The COVID-19 pandemic is likely to set back merger and acquisition (M&A) plans in the US banking sector at least in the short term, according to a new report from Deloitte.
The global consultancy giant said in a special report that the effects on the financial strength of potential buyers would likely result in the postponement of companies’ plans to acquire or merge.
In particular, it highlighted that potential buyers of banks could be put off by uncertainty regarding banks’ credit portfolios. In first-quarter results, many banks increased their loan loss provisions, but the actual impact of the pandemic on corporate and individual lending is still largely unknown.
“While lower bank valuations triggered by recent events present an opportunity, a focused lens on M&A strategy with the right set of tools, teams, and processes to perform diligence, execute, and integrate will be needed,” the report stated.
Authors Matt Hutton, Jason Langan, Masaki Noda and Jai Shah said banks that were able to maintain deposit rates despite central bank rate cuts “should emerge as better-positioned acquirers” due to having a more attractive funding base.
“Once the dust settles, organizations contemplating M&A should continue moving forward, but also exercise caution,” Deloitte said.
Cash reserves, valuations, access to financing and a “very favorable” interest rate environment will be supportive to M&A activity, the report authors wrote.
In addition, banks needing to scale up their operations or enhance their digital capabilities were also likely to be important contributors in any increase in M&A. After banks across America have been forced to reduce in-branch services or close branches altogether, the need for digital banking solutions has become even more acute.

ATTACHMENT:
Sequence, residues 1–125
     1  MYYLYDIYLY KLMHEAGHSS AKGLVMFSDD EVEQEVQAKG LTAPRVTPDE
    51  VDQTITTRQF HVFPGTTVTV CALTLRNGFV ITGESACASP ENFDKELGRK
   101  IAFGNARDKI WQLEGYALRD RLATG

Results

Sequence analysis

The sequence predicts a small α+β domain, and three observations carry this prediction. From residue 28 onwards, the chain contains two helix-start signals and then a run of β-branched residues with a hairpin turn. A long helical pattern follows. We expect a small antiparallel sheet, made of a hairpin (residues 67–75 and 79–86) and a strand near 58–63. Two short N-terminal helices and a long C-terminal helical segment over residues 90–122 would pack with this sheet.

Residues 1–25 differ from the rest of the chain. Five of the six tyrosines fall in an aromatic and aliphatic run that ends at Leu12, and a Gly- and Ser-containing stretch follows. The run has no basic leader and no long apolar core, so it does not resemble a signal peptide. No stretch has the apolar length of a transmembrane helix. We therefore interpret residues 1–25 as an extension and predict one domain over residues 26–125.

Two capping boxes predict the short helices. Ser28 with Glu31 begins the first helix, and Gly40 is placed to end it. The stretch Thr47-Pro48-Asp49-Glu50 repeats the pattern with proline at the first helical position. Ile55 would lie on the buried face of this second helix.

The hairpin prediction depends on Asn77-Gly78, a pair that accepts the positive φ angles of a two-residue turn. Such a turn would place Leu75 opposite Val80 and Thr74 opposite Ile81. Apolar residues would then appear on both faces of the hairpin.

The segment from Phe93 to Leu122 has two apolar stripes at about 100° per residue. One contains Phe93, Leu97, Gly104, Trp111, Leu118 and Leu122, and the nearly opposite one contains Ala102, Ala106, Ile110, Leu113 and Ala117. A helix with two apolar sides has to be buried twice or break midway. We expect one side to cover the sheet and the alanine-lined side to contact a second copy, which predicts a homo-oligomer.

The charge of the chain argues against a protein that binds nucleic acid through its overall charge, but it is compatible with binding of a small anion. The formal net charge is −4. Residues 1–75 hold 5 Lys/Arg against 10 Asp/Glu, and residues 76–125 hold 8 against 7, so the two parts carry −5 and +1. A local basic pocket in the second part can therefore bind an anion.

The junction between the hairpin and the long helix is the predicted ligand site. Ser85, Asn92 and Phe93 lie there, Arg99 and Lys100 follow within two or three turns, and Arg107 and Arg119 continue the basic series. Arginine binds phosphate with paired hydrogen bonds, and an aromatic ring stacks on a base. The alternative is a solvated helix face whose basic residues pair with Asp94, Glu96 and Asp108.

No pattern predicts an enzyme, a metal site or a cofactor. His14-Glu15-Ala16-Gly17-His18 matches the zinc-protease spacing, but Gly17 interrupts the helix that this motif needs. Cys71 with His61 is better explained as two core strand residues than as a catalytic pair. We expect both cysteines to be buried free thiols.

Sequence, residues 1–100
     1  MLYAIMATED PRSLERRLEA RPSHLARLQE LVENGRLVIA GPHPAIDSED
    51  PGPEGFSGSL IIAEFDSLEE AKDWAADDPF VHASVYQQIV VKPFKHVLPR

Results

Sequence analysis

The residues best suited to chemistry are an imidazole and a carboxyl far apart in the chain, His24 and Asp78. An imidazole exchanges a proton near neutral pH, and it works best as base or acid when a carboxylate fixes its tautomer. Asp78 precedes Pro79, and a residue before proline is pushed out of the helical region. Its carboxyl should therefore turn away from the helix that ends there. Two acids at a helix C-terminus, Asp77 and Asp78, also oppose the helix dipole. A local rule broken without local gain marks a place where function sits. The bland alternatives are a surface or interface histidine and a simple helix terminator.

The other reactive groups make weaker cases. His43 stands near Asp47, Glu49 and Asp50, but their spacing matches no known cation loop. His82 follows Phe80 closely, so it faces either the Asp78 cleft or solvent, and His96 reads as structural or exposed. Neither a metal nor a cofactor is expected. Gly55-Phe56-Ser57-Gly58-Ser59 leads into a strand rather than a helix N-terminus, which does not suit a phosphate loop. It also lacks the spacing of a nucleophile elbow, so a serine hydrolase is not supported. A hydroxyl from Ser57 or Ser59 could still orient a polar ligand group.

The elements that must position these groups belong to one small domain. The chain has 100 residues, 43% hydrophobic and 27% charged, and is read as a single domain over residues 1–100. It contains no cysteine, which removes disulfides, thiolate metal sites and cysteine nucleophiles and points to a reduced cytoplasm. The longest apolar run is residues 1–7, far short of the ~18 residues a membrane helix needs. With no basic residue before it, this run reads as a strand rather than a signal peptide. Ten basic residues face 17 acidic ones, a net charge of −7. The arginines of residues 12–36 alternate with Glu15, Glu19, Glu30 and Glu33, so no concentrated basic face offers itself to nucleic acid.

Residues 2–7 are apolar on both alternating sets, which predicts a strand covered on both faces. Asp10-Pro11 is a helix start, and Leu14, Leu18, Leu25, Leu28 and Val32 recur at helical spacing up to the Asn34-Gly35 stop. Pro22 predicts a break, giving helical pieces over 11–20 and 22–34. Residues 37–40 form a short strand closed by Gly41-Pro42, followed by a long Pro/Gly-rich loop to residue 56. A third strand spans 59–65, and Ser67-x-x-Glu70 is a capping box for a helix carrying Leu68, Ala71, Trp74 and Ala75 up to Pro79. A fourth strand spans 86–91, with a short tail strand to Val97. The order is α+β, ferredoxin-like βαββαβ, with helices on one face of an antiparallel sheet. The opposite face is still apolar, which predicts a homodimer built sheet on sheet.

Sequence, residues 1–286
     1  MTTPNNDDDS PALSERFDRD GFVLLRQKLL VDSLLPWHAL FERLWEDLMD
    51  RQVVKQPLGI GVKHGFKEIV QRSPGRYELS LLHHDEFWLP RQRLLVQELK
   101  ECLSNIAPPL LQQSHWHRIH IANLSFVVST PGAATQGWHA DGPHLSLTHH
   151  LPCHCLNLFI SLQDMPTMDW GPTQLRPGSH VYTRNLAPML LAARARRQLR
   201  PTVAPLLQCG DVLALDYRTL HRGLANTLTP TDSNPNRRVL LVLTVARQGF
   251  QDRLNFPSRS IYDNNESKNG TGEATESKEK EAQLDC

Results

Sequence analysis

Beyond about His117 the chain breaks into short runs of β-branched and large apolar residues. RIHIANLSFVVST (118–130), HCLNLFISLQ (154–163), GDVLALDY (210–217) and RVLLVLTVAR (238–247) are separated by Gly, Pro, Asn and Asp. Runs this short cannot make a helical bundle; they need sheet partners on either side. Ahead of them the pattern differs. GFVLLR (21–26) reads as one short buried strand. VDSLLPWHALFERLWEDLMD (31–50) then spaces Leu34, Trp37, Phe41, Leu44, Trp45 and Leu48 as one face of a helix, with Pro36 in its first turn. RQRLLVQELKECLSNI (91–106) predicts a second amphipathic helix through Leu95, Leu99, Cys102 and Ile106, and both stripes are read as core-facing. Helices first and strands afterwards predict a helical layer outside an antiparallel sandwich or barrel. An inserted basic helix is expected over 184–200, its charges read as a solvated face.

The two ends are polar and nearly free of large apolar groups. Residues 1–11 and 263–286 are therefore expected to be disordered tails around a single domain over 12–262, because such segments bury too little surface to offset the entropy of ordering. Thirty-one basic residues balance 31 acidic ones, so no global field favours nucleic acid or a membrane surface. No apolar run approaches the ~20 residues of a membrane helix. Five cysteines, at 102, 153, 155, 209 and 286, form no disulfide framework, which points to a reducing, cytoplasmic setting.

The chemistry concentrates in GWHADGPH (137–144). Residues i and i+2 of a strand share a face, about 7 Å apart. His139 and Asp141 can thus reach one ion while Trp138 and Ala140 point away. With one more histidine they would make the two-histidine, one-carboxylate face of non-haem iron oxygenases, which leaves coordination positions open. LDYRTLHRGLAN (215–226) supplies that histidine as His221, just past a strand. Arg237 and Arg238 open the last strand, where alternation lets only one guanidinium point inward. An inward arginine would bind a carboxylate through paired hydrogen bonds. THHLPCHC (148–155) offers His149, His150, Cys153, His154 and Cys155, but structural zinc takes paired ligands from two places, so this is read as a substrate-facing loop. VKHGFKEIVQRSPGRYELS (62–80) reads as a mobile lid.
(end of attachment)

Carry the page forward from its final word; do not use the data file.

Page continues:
Regulators were also likely to be supportive of transactions as they seek to promote growth in the coming months. However, they were also likely to be more focused on credit quality and capitalization, Deloitte said.
“The challenges COVID-19 has introduced and the heightening risk of a potential recession may drive strategic decisioning for banks struggling today as they look for the best shareholder value in the future, thus driving more potential sellers in the market,” the report stated.
“Bank boards’ resulting decisions – to be a buyer, seller, or an observer on the sidelines – will shape bank M&A activity in the second half of 2020 and into 2021.”
At the start of this year and before the coronavirus hit the US, PwC said the outlook for M&A in the US banking sector was “robust” – largely down to factors also cited by Deloitte.
While one deal – Texas Capital Bank’s planned merger with Independent Bank – has been abandoned as a direct result of the impact of the pandemic, several other deals have been completed during the past three months.
Pacific Premier Bank completed the acquisition of fellow Californian company Opus Bank last month, while Southern Missouri Bancorp acquired Central Federal Bancshares in May. Also in May, United Bank completed its $1.1 billion acquisition of Carolina Financial Corporation.